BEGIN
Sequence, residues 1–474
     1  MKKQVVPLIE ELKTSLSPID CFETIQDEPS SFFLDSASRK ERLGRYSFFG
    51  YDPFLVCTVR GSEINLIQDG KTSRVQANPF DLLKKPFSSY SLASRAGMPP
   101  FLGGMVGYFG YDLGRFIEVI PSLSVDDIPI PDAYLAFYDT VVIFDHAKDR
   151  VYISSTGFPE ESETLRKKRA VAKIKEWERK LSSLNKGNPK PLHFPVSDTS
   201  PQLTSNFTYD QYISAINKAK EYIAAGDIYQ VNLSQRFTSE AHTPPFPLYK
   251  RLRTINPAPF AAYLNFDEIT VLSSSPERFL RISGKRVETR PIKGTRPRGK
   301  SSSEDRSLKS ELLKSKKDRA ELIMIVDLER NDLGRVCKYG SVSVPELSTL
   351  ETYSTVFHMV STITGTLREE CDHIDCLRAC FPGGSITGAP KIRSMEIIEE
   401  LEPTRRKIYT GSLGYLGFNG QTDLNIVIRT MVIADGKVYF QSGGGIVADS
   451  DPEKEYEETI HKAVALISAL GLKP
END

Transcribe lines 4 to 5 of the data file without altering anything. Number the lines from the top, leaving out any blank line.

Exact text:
   101  FLGGMVGYFG YDLGRFIEVI PSLSVDDIPI PDAYLAFYDT VVIFDHAKDR
   151  VYISSTGFPE ESETLRKKRA VAKIKEWERK LSSLNKGNPK PLHFPVSDTS